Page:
Written By Sam Watson
When I arrived in Hartley Bay last year, it was sunny, 80 degrees Fahrenheit, and before I left the small fishing village, I went for a dip in a nearby swimming hole.
When I arrived this year, I bundled into a cold-weather survival suit and held on for dear life as the Elemiah bounced its way towards Whale Point, my home till August. Hermann Meuter, co-director of the North Coast Cetacean Society, didn’t seem worried about the way the little boat was tossing in waves that seemed close to her size, but the cold, stinging rain was not particularly pleasant on my face. It was, all in all, a very different welcome.
Still, though, it seemed like the spirit of the place wasn’t angry, merely curious. Since I’d been here last, I’d changed majors at college, finished college, and been accepted to graduate school, so I think the rain and waves were a way for the place to make sure I still had a wild spirit. She was just being a little mischievous.
She needn’t have worried. I’ve told many people this over the past year, but the Great Bear has a way of getting a hold of you and attaching herself to the deepest parts of your soul.
In other words, once you’ve been here, you really have to come back, and she’d remind me why that’s the case the very next night, an evening that couldn’t have been more different from my journey to Whale Point – calm, peaceful, and full of whales.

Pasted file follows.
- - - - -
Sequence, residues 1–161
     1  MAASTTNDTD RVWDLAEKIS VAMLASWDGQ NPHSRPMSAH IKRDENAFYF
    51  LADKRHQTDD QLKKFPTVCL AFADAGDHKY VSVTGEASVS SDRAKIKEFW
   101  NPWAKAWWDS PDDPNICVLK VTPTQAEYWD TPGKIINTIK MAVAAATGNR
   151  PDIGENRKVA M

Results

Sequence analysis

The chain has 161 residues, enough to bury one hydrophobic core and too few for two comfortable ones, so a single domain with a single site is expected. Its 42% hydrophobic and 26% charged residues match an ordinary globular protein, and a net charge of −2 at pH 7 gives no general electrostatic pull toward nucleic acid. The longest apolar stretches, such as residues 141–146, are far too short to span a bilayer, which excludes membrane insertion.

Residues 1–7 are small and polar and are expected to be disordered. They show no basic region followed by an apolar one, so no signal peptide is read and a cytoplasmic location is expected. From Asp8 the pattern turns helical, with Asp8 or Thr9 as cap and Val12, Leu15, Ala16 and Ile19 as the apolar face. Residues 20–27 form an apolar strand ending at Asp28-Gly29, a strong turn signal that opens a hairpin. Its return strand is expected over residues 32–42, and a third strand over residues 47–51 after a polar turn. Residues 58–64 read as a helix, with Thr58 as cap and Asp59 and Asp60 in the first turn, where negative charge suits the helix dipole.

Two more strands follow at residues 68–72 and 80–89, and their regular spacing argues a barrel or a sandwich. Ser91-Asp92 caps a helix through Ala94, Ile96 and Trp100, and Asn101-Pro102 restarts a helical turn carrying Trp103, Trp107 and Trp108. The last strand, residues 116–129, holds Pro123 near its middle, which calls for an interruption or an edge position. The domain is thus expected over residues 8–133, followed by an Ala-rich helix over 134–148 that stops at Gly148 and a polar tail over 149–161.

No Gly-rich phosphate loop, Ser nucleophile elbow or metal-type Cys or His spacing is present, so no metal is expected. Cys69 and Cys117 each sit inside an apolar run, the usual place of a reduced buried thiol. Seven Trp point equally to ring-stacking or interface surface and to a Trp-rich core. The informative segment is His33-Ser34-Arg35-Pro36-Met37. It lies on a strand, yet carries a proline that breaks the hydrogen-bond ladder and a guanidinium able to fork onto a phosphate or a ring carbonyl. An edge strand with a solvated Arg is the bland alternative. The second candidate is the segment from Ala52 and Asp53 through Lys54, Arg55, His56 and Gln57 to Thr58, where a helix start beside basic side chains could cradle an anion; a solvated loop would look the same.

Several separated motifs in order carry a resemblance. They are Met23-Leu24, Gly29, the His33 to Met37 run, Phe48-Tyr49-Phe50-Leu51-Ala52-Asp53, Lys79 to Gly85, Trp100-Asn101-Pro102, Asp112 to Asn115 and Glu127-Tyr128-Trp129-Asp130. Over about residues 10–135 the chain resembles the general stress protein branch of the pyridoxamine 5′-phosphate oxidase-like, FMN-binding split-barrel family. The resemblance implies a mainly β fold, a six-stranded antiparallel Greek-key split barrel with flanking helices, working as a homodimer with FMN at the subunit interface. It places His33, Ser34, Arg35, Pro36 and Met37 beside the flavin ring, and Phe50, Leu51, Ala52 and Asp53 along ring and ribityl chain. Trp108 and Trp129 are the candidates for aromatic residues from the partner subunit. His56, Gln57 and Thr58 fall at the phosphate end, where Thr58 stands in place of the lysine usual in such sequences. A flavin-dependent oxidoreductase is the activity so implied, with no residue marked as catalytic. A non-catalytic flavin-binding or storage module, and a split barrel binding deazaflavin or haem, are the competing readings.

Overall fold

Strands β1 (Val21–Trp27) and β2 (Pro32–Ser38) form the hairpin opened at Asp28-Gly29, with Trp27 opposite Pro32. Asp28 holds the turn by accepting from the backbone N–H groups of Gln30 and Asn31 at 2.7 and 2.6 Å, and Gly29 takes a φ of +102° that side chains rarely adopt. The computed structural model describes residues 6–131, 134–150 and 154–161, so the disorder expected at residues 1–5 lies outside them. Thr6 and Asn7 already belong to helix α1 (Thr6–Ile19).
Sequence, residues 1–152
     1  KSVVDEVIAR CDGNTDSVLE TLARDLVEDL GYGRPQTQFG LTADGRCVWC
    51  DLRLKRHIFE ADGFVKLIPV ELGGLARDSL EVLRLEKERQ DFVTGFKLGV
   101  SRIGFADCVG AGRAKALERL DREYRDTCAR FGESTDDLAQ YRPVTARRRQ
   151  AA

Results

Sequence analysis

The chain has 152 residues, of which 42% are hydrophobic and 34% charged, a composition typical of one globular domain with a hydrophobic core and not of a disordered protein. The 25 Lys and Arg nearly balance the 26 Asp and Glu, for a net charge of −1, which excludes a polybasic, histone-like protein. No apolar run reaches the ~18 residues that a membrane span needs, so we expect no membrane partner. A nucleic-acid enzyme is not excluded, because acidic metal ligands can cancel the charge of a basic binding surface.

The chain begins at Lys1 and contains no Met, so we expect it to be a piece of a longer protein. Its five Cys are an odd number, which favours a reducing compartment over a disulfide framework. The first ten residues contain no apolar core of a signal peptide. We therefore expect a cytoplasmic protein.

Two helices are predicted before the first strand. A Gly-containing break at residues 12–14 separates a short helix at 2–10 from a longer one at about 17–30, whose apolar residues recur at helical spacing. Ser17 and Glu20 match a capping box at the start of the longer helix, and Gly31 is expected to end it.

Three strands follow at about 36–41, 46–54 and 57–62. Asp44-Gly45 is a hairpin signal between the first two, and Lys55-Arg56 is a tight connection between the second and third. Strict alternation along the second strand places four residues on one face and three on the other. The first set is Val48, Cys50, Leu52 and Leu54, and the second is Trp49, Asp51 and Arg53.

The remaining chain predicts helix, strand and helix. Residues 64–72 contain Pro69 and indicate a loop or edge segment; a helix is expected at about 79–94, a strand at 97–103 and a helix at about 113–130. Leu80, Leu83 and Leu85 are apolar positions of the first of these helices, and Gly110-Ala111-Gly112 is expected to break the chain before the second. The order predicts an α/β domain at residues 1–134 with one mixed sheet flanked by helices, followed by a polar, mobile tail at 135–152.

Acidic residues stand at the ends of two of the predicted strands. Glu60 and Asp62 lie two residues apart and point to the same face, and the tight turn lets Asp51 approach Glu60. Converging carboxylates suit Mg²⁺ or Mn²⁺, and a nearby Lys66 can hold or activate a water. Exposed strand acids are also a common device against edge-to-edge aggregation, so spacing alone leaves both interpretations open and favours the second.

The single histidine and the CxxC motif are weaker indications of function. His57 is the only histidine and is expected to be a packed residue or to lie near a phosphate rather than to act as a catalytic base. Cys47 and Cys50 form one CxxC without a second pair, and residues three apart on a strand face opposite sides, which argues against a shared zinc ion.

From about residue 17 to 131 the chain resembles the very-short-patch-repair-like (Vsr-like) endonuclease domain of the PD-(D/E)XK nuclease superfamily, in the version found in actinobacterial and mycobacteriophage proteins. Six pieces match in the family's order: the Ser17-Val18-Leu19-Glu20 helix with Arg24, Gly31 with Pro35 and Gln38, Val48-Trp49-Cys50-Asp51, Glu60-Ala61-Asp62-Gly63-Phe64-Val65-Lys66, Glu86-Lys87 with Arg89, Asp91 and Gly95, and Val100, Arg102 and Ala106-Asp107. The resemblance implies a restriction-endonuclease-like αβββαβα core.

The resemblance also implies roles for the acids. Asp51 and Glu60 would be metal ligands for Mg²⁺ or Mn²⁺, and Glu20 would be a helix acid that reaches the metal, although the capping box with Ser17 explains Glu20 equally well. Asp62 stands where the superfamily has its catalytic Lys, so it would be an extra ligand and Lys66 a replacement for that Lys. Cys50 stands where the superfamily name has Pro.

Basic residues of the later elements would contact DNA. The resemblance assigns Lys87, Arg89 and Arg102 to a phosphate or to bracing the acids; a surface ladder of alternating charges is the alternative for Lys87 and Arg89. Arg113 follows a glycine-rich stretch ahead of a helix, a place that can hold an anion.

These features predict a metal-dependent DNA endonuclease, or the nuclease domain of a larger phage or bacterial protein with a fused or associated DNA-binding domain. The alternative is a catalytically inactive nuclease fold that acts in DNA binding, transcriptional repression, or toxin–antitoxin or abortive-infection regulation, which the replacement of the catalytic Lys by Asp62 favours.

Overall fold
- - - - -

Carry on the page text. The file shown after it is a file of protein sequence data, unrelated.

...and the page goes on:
The night of my first full day, we’d gotten reports of orca to the east of our location. We didn’t expect to see them before dark, but, like the Great Bear herself, killer whales have their own plans. I was the first to notice them, black knife fins racing through the glassy water, and I pointed them out thinking we’d mosey down to the Elemiah, hop on, take some photos, and return.
When I turned around, thirty seconds after I spoke, the small lab was deserted, and I saw Hermann, closely followed by the other interns, moving at a full sprint for the boat.
In retrospect, I don’t know why I expected anything else.
It was a pod of residents, the primarily fish eaters, four in total – one male, [two female, and a juvenile. They were part of the A35 matriline, we were only able to properly ID A56 and A90 and not sure where the rest of the family were. We spent over an hour with them; one breaching not more than five meters away, showcasing the power of the whalel.
Even more powerful, though, was the juvenile swimming in front of us. Two meters out, a meter down, effortlessly . It turned on its side and looked right at us. The greenish water tinted its white flanks, and it was as if all the energy of the Great Bear was focused through its eye, examining us, evaluating us, wondering if we were able to listen to what this place would tell us over the summer.
Welcome back, she whispered a few moments later.
Welcome back indeed.